Rust never sleeps; nor do fungi.  My first and second posts on this yard are here as one and two;  I’d love to imagine these boats could be restored like this ACF J’Ador III, but mosses and mushrooms are powerful and mahogany though beautiful is vulnerable, and

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with neglect,  hardwood turn soft and planks split apart at the seams once so tight.  Wood that began life in Central America or Southern Asia might turn to dust in North America.

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Beams and structures lose their strength, their integrity . . .  and

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this fleet (1940 Chris Craft 33′ and 1939 ACF)  might never again ride

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or be ridden upon, unless love and dollars get lavished upon them.  Some like

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this Owens get reprieved and

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others (like this 1963 Century Raven) hang in the balance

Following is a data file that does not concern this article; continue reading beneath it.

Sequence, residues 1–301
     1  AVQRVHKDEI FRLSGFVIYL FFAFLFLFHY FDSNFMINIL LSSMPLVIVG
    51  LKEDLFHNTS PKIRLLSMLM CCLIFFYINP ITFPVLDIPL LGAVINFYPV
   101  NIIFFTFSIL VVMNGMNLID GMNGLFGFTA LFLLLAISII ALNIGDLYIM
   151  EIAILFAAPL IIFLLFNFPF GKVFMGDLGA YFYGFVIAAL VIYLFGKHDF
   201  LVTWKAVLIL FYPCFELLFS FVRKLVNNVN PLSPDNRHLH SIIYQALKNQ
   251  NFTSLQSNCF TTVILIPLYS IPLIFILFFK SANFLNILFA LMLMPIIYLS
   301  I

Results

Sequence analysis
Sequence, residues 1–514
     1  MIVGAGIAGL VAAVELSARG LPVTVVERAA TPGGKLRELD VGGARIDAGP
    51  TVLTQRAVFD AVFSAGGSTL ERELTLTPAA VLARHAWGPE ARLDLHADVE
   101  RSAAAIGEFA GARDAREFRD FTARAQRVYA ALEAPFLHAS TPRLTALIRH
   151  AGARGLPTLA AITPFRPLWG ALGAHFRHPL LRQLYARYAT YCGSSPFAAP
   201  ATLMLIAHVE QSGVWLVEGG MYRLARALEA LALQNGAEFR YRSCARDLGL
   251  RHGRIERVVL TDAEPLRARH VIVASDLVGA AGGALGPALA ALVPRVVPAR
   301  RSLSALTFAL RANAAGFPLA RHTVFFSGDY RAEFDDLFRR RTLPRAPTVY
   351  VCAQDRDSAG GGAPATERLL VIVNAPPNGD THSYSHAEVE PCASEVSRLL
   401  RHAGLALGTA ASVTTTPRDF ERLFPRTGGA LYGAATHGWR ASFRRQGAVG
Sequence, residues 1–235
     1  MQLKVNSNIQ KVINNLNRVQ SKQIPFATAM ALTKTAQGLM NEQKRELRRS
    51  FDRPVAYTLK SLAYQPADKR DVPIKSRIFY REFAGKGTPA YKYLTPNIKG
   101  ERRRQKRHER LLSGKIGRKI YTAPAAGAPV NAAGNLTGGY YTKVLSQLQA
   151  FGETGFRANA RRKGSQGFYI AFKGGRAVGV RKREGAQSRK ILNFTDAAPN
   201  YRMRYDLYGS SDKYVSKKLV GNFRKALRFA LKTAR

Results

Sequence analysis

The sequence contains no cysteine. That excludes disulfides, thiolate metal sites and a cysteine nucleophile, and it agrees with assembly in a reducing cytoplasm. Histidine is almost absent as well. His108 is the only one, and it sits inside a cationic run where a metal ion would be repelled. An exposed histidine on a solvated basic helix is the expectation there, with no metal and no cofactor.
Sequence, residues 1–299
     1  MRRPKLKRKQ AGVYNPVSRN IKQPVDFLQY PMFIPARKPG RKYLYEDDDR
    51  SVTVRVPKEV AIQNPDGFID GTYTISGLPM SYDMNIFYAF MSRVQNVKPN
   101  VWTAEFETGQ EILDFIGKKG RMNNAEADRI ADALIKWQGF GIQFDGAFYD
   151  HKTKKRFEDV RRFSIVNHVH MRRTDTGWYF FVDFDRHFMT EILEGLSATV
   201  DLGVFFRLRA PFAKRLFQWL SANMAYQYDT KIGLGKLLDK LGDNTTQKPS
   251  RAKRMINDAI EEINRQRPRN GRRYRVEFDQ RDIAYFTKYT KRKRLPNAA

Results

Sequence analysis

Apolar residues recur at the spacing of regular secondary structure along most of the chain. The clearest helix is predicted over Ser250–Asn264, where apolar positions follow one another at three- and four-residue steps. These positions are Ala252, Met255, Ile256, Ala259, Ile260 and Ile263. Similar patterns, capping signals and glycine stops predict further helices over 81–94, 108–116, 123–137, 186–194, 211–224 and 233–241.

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although once the wood turns fertile for new life, the

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old one is lost.  These vessels may be preserved only on old photographs, which themselves are at risk of

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leading nowhere if no identifying info is written on the back.  I wonder sometimes as we steer madly into the digital future what will

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become of digital images like mine once computers update so much the old files no longer compatible  are as undecipherable as hieroglphics.

All fotos by Will Van Dorp at Miller’s Marina in Lyons, New York.  Telephone number available on google.

Note: the 1940 ChrisCraft in the second foto above has twin K 6-cylinder Hercules.  There’s also a 1964 ChrisCraft Challenger for sale, last in the water three years ago.  $3000.  I’m just the messenger.

For more boats of this type, check boneyard boats.

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